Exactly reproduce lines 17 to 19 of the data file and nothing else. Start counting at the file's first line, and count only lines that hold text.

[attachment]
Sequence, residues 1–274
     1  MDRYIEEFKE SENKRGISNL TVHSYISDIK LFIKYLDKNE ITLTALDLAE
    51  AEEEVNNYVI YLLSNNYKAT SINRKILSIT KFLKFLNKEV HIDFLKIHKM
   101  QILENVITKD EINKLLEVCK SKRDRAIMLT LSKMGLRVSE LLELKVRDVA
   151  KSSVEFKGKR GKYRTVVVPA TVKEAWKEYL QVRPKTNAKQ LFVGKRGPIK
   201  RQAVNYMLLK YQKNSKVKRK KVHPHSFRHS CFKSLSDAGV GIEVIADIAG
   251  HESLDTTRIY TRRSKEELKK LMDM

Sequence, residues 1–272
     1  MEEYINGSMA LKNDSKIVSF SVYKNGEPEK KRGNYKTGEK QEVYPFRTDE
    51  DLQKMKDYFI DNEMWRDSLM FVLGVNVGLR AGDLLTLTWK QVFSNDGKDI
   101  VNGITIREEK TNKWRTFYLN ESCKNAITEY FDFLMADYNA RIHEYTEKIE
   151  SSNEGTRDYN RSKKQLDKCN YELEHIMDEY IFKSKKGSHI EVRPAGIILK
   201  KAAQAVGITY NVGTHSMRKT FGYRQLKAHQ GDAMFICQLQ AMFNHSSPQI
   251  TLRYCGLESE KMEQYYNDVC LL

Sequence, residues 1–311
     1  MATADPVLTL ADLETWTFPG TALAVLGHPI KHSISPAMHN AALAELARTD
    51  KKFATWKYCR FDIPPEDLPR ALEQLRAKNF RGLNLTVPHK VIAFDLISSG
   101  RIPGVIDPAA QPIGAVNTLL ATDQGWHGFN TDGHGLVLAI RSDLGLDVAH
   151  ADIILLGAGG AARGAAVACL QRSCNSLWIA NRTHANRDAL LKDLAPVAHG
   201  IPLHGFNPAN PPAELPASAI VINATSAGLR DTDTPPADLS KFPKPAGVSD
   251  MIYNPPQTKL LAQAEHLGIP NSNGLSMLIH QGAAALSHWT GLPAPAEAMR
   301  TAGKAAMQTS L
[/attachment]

    51  KKFATWKYCR FDIPPEDLPR ALEQLRAKNF RGLNLTVPHK VIAFDLISSG
   101  RIPGVIDPAA QPIGAVNTLL ATDQGWHGFN TDGHGLVLAI RSDLGLDVAH
   151  ADIILLGAGG AARGAAVACL QRSCNSLWIA NRTHANRDAL LKDLAPVAHG